Florence was the second leg of our recent trip to Italy. Angelina and I had spent five days in Rome along with several million other Americans visiting most of Rome’s famous attractions. We enjoyed great Bernini sculpture at the Borghese Gallery and discovered ancient Rome at the Coliseum and Palatine Hill. We stood in the Sistine Chapel awestruck by the art on the ceiling and on the wall behind the alter. Later, we toured St. Peters Basilica and then wandered through St. Peters Square, both exactly like we had seen countless times on TV only much bigger and far grander.

Florentine Skyline

Florentine Skyline

But Florence was different.  While crowded for sure, it wasn’t as frantic as Rome. Where we took cabs and public transportation to get around in Rome, we found Florence to be very walkable.  We walked everywhere – to museums, restaurants, down to the Arno River over Ponte Vecchio to the Pitti Palace – all an easy stroll from our hotel.

Giardino della RoseWe did, however, need a cab to get to Piazzale Michelangelo located on the other side of the Arno atop a hill with a stunning view of Florence’s terra cotta skyline dominated by the massive Duomo. Piazzale Michelangelo features impressive copies of Michelangelo’s famous statues including a full-sized replica of “David.”  But this is not why we went. The real reason was the Giardino della Rose, a rose garden tucked in below the top of the hill, out of sight and even the cab driver was unaware of its existence.

Bronze Sculpture

Bronze Sculpture

While the piazzale was packed with tourists, a stone’s throw away the Giardino della Rose was almost empty when we arrived. It sits on the side of a rather steep hill surrounded by old buildings and trees.  Like other rose gardens we saw in Italy, the roses were not planted in beds, per se, but each bush planted individually surrounded by lawn. I wondered about this as it struck me as wasting space. Was it a design feature or was it the only way to plant a garden on the side of a hill and not have it wash away?

Angelina and "Chat"

Angelina and “Chat”

The paths were a combination of cobblestones and field stones traversing the hill allowing complete access to the roses and the large bronze statuary placed throughout the garden. These big quirky bronzes were created by Belgian surrealist Jean-Michel Folon and add a uniqueness that makes this rose garden special. I’m not crazy about surreal anything but these bronzes looked just right in this setting and I was even okay with a piece titled “Chat”, a large slumbering cat in the middle of the garden. I’m not crazy about chats either.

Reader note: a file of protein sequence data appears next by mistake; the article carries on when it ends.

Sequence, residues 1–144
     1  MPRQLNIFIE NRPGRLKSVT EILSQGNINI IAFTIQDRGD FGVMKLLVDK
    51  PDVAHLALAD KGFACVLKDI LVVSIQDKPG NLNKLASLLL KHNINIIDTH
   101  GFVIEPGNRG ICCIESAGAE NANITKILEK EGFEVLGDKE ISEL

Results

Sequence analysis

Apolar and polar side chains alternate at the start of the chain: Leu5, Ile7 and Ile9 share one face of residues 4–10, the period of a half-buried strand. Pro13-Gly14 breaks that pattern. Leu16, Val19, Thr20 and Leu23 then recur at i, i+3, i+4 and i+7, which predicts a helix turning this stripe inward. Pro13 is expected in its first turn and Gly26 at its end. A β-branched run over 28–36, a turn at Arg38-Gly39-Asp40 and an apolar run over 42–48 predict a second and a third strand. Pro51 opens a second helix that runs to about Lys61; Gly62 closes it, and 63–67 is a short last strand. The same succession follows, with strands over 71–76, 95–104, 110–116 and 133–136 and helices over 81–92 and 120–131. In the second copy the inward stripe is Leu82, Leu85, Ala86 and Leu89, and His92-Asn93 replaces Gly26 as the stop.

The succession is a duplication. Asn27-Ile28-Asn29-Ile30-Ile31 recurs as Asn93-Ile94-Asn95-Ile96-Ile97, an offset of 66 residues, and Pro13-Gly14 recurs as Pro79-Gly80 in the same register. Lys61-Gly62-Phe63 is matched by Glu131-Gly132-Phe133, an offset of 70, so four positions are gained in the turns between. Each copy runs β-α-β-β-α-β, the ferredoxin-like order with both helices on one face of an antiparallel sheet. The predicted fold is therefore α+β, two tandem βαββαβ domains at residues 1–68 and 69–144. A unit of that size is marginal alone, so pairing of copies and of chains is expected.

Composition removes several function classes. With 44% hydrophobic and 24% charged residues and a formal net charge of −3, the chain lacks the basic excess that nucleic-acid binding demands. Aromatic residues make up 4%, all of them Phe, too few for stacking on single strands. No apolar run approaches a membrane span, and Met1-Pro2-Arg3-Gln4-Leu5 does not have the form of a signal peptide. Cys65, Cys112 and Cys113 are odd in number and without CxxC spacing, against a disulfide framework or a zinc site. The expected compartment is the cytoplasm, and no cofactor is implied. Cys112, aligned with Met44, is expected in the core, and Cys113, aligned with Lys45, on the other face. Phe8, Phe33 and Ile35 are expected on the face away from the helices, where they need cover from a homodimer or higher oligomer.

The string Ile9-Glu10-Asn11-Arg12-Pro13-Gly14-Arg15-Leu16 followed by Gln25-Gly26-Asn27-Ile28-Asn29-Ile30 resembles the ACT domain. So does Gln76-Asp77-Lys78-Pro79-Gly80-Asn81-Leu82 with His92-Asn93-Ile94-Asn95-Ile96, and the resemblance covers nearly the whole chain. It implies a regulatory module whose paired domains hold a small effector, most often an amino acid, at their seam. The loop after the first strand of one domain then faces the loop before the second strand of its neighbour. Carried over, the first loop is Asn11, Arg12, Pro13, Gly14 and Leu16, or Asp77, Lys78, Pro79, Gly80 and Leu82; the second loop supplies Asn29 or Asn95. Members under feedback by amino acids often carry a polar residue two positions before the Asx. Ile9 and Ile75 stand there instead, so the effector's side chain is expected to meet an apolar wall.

Paul's Himalayan Musk and Mike

Paul’s Himalayan Musk and Mike

It was mid-May and the garden was in full bloom. A mature bush of Paul’s Himalayan Musk was espaliered nicely along a stucco wall along with a row of New Dawns as we walked in. Quite a few David Austin varieties as well as other modern roses were planted along the hill as was a single plant of viridiflora, the ugly Green Rose, which was a waste of space.  On the other hand, I also found several bushes of Crested Moss with fresh pungent moss-like growth on the calyx, a variety that I don’t often see at home.  Each plant in the garden was properly labeled which impressed me as many municipal gardens lack this important detail.

Crested Moss

Crested Moss

We sat and people-watched for awhile which included a young bride and groom posing for their wedding photos, obediently following directions of a no-nonsense photographer.

The sun was getting hot signaling that it was time to leave. So we headed back up to the top of the piazzale to catch another cab. This meant a very long climb up some very steep stairs. So steep that we almost hired a Sherpa to help us get to the top. But we made it back to the old city and went to an intimate trattoria that we had discovered the night before and split a fabulous gluten-free pizza and a bottle of Chianti, a decadent treat in the middle of the afternoon.

Trattoria with great gluten-free and chianti

Trattoria with great gluten-free and chianti

In many ways Florence with its deep Renaissance roots was more enjoyable than Rome. The scale was much smaller, the crowds seemed less unbearable; the nights were quieter; the gelato was better; and even the bad wine was good.

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View from the Top

Roseto di Roma

It’s hard to believe that a month has gone by since our trip to Italy, but the best part about travel is reminiscing about all the great sights we have seen long after the trip is over. I keep a travel journal, knowing that with passing time I’ll forget details. But we won’t forget the sights in Rome (the first leg of our trip) such as the Trevi Fountain, ancient Roman ruins and our inspiring visit to the Vatican and the incredible Sistine Chapel. Plus there was the delicious Italian food and wines. But especially memorable and unforgettable is Il Roseto (Rose Garden), Rome’s Municipal Rose Garden that contains over 1100 roses in bloom and the ruins of the Circus Maximus as its back drop.

Sign Primio Roma Rose We had planned our itinerary, hoping the weather would cooperate, and scheduled our visit to Il Roseto after a tour of Ancient Rome, knowing it was a short walk from the Colosseum. Before leaving home I did some research and was fascinated to learn that this rose garden, which originally was located closer to the Colosseum and Palatine Hill, has ties to the United States. An American, Mary Gayley Senni from Pennsylvania, married to an Italian Count, gave a gift of 300 roses to the city of Rome in the early 1930’s to create Rome’s first public rose garden. Unfortunately, that rose garden was a casualty of World War II, but it was later resurrected in its present location on the slopes of Aventine Hill across from the Circus Maximus.